In “Leviathan,” which director Andrey Zvyagintsev has described as a loose retelling of the Book of Job, an ordinary man must wrestle with his faith not in God but in the Russian state — an epic struggle against a monster with many faces possessed of the capacity to bend the law to suit its own appetites. Resistance is futile, as they say, and yet this stunning satire’s embattled patriarch valiantly perseveres for the sake of his family, even as it crumbles around him. Debuting in competition at Cannes, this engrossing, arthouse-bound opus spans a meaty 142 minutes and unfolds with the heft of a 1,000-page novel.
Lest you think Zvyagintsev’s latest a work of science fiction, the leviathan in question is strictly metaphorical — a concept borrowed from Thomas Hobbes’ 1651 treatise of the same name. That may come as a disappointment to those who’ve likened the 50-year-old slow-cinema auteur to a latter-day Andrei Tarkovsky, hoping this might be the abstract metaphysical feature they’d been waiting for. And yet, there’s ample cause for celebration: This is the director’s most accessible and naturalistic film, using everyday characters to test how well modern-day Russia is maintaining the social contract with its citizens.
The setting is a small town on the Kola Peninsula in northwest Russia, a has-been fishing community littered with the carcasses of ships and whales alike, far from Moscow and yet close enough to “civilization” that the locals can practically see Finland from their backyards. Come for the scenery, stay for all that’s rotten beneath the surface in what amounts to an expose touching on the many challenges that face the country today: religion, politics, guns and alcohol.
No doubt, when his ancestors settled the riverside homestead on which Kolya (Alexey Serebryakov) and his family — son Roma (Sergey Pokhodaev) and sexy second wife Lilya (Elena Lyadova) — still live, they never imagined a crooked mayor (Roman Madyanov) would one day seize the land to do with as he pleased. But Kolya is no pushover, enlisting his longtime lawyer friend Dmitri (Vladimir Vdovitchenkov) all the way from Moscow to contest the mayor’s claim of eminent domain.
First stop is court, where a clerk speed-reads a laundry list of bad news. In Zvyagintsev’s past films, from 2003 Venice Film Festival winner “The Return” to 2011’s Un Certain Regard-selected “Elena,” the helmer meditatively held certain shots to the brink of patience. With the exception of this drawn-out courtroom scene, which he plays for absurdist comedy (a la Romanian satire “Police, Adjective”), and a few extended driving sequences (echoes of Turkish procedural “Once Upon a Time in Anatolia”), “Leviathan” typically moves much faster, covering far more ground over the course of its densely packed narrative.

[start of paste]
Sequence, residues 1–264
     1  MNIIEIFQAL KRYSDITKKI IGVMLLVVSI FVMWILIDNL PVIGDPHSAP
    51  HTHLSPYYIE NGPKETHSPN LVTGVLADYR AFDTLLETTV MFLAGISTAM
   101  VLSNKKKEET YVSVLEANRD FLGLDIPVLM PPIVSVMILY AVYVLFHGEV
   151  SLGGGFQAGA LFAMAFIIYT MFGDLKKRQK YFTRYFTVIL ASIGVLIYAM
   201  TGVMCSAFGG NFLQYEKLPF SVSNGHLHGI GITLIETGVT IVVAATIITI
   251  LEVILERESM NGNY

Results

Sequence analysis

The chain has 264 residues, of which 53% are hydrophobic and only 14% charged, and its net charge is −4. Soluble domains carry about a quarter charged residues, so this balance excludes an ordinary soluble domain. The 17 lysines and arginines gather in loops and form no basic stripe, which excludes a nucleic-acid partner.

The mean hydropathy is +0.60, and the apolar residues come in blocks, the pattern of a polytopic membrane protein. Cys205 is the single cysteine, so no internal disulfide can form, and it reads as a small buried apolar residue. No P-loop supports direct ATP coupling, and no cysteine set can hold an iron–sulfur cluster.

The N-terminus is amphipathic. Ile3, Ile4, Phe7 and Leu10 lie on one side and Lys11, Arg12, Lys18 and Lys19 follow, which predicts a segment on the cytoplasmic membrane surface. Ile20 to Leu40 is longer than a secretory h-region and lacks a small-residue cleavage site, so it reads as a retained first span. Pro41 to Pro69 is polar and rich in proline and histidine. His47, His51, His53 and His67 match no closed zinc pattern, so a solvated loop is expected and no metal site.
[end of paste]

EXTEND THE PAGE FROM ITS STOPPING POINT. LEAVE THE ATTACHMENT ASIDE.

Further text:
Having been denied their appeal, Kolya and Dmitri go up the bureaucratic chain, only to be ignored by both the prosecutor’s office and the judge, who clearly do the mayor’s bidding. The same goes for the city’s corrupt police force and perhaps even the resident Orthodox Christian clergy. But Dmitri has an ace: When official channels fail, he schedules a meeting with the mayor and blackmails him with a binder loaded with evidence that amounts to “a horror movie with you in the lead.”
Another movie might end here, but “Leviathan” is just getting started, and though we don’t always know what we’re looking at or why, the film offers a banquet of surprises, right down to the shocker lurking in the pic’s final minutes. The experience feels akin to that of binge-watching a season of a juicy HBO series as our attention shifts among the various players in this relatively expansive, well-rounded ensemble. Though Kolya has been present from the moment Philip Glass’ agitated overture subsides, it takes nearly two hours for this emotionally, spiritually and financially depleted character to fully reveal himself as the film’s vodka-fueled protagonist.
In the end, nothing will surprise Zvyagintsev fans more than discovering how funny the film is, as the helmer and co-writer Oleg Negin (a collaborator on “The Banishment,” the family tragedy this most resembles) extend the darkly satirical streak they began with “Elena.” Whereas that film was criticized by some as judging the lower classes too harshly, this one is unequivocally empathetic toward its working-class characters, who suffer daily at the hands of corrupt politicians. Imagine an American movie in which off-duty cops use portraits of past presidents for target practice, or a scene in which an openly sinful, absolution-buying mayor cautions his son, “God sees everything.”
But does He? Even Zvyagintsev (god of his own realm) seems to miss critical moments: A key altercation and a possible murder both occur offscreen, leaving mysteries for the audience to put together. Meticulously composing images in steel blues and icy grays, his directorial style is so distant — the characters all but swallowed by d.p. Mikhail Krichman’s overwhelming anamorphic widescreen vistas — that it leaves a great deal open to personal interpretation.
At precisely the moment when nothing seems certain, a local religious leader preaches, “Freedom is knowing God’s truth,” to which Hobbes himself might respond, “Hell is truth seen too late.” As some will surely recall, “Leviathan” was the book in which the English philosopher famously suggested that an ideal government protects citizens from lives that are “solitary, poor, nasty, brutish and short.” Without calling for outright reform, Zvyagintsev’s version questions how long a man can go on believing in a system that offers no better.